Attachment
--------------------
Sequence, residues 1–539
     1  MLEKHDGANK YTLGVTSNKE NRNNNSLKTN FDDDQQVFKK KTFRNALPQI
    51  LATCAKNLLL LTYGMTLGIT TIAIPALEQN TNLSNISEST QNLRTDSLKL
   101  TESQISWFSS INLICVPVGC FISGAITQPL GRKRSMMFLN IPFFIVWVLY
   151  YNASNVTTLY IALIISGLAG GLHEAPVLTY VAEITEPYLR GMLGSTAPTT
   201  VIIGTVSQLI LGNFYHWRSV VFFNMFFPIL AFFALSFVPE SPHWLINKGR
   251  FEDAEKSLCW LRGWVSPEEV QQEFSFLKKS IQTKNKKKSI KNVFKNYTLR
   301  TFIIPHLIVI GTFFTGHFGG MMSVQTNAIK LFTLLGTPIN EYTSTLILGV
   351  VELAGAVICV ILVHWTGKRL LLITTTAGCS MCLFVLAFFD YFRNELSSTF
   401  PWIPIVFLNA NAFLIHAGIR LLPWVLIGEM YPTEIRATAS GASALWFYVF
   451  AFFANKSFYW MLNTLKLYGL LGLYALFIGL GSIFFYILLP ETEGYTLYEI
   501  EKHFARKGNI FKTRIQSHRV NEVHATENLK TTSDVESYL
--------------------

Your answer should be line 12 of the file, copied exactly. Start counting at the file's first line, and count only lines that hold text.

   501  EKHFARKGNI FKTRIQSHRV NEVHATENLK TTSDVESYL